First the rosy promise, then the sad reality. Such is the case with President Duterte’s vow to raise the monthly pension of members of the Social Security System. The House of Representatives and the Senate have passed two joint resolutions aimed at granting the pension increase on a staggered basis at P1,000 each in January 2017 and January 2019. The resolutions will now be transmitted to Malacañang for approval before the adjustments can take effect.
But last week the Department of Finance disclosed a Dec. 15 memorandum to the President signed by Finance Secretary Carlos Dominguez III, Budget Secretary Benjamin Diokno and Socioeconomic Planning Secretary Ernesto Pernia warning that without an accompanying “upward adjustment or restructuring of the contribution rate,” the SSS’ unfunded liabilities would balloon to P5.9 trillion from P3.5 trillion now. What they are saying is that Mr. Duterte should approve the P2,000 increase in the SSS monthly pension only if there is a corresponding increase in members’ and employers’ contributions to the fund.
Allowing the P2,000 pension increase will not only adversely affect the Philippines’ credit rating but also bring the SSS to bankruptcy, the economic managers warned. They cited actuarial studies showing that without a corresponding hike in contributions, the proposed increase would cut the life of the pension fund by 14-17 years, or from 2042 to 2025-2028 because the SSS would have to spend an additional P32 billion a year to cover the initial P1,000 increase and P62 billion for the entire P2,000 increase in monthly payments.
The other proposal for the government to subsidize the pension fund is similarly unfair. The economic managers are correct in arguing that the public must not be made to carry the burden of the increase that benefits only privately employed individuals.
But Bayan Muna Rep. Carlos Isagani Zarate and former Bayan Muna Rep. Neri Colmenares also have a point in criticizing the proposal. Zarate, one of the principal authors of the House resolution granting the increase beginning January 2017, pointed out that SSS Chair Amado Valdez had explicitly stated in congressional hearings that raising membership premium was the least, even last, of their options.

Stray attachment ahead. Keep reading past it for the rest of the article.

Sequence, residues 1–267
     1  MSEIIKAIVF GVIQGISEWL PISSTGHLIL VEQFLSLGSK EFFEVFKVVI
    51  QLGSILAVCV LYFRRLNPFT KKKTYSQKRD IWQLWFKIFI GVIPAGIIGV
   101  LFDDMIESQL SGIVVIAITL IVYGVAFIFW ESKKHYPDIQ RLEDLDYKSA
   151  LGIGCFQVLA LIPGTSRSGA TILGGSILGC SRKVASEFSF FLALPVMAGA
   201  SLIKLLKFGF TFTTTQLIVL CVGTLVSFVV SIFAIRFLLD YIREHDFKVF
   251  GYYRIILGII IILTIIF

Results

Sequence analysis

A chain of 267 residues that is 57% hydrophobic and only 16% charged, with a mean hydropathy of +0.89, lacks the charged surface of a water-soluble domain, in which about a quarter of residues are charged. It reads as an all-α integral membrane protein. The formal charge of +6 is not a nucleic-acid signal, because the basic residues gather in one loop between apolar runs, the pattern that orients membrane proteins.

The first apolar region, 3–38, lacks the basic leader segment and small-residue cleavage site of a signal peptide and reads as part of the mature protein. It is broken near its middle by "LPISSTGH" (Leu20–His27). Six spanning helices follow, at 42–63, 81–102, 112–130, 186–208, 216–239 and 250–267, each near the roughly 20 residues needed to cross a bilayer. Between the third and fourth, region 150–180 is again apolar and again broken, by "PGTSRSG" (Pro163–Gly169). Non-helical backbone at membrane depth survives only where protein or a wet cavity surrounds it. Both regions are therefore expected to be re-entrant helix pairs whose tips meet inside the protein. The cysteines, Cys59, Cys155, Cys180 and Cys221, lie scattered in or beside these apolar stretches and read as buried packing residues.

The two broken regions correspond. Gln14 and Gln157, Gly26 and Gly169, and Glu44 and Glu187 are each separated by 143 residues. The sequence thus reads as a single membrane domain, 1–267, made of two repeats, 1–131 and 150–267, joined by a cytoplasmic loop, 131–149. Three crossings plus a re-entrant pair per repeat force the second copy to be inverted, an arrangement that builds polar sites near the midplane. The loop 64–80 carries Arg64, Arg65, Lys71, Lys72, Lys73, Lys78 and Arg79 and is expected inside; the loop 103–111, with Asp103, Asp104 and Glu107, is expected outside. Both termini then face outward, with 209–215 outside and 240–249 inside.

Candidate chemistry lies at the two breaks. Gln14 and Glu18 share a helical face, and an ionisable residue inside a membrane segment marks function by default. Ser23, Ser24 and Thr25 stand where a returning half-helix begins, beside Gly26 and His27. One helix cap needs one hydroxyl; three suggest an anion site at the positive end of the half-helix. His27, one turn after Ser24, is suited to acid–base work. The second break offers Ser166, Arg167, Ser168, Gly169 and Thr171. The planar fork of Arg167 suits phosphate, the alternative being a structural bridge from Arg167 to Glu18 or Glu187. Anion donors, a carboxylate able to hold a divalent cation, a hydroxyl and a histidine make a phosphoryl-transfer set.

Still, allowing the increase in pension benefits to proceed without raising members’ contributions remains doable. At most, assuming nothing will be done, the pension hike will shorten the SSS fund’s life by 14 years to 2025-2029. Colmenares reasoned that this still gives the government and the SSS enough time to find ways to prolong the fund’s life. In 2001, he pointed out, SSS declared that it had a fund life of only five years and yet it was able to extend this to 2042 in just 14 years. If SSS previously survived a predicted five-year fund life, then surely it could also survive a shortened fund life if the pension increase were to be allowed next month.
Among the suggestions for SSS to do this are:
1) improve its collection efficiency from the employers of its 31 million members; 2) collect the billions of pesos in contributions that delinquent employers failed to remit in the last 10 years; 3) cut down on the bonuses and perks for its board members and collect the more-than-P200-million retirement package in 2009 that was disallowed by the Commission on Audit; and (4) collect the fines imposed by the courts against employers who violated the SSS law.
At this point, it is best for the Cabinet to support the pension increase and, together with the new SSS leadership and Congress, look for means to increase its fund life. SSS’ Valdez earlier suggested numerous reforms to the SSS Charter, including giving the pension fund the mandate to acquire at least 25 percent of new toll roads and be given first crack at public-private partnership projects for additional income.
The economic managers’ memorandum is somehow an admission that Mr. Duterte’s promised pension increase would be difficult to fulfill when economic realities are considered. But it will be doable if the Cabinet backs measures to make it economically viable and think hard of ways to fund it, aside from the no-brainer solution of raising contributions.
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